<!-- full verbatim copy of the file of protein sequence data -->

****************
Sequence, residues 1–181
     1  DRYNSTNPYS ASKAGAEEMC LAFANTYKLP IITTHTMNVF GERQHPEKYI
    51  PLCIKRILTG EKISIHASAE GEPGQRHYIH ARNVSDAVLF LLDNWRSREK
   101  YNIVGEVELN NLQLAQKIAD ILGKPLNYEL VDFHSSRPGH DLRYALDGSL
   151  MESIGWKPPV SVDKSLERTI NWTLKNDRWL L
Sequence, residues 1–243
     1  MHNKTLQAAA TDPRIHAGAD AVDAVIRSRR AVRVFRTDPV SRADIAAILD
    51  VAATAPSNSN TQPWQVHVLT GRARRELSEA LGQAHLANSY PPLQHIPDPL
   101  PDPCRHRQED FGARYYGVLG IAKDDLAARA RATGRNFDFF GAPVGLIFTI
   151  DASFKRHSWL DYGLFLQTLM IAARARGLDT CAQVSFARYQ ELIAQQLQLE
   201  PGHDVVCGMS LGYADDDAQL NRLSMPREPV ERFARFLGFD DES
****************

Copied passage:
Sequence, residues 1–181
     1  DRYNSTNPYS ASKAGAEEMC LAFANTYKLP IITTHTMNVF GERQHPEKYI
    51  PLCIKRILTG EKISIHASAE GEPGQRHYIH ARNVSDAVLF LLDNWRSREK
   101  YNIVGEVELN NLQLAQKIAD ILGKPLNYEL VDFHSSRPGH DLRYALDGSL
   151  MESIGWKPPV SVDKSLERTI NWTLKNDRWL L
Sequence, residues 1–243
     1  MHNKTLQAAA TDPRIHAGAD AVDAVIRSRR AVRVFRTDPV SRADIAAILD
    51  VAATAPSNSN TQPWQVHVLT GRARRELSEA LGQAHLANSY PPLQHIPDPL
   101  PDPCRHRQED FGARYYGVLG IAKDDLAARA RATGRNFDFF GAPVGLIFTI
   151  DASFKRHSWL DYGLFLQTLM IAARARGLDT CAQVSFARYQ ELIAQQLQLE
   201  PGHDVVCGMS LGYADDDAQL NRLSMPREPV ERFARFLGFD DES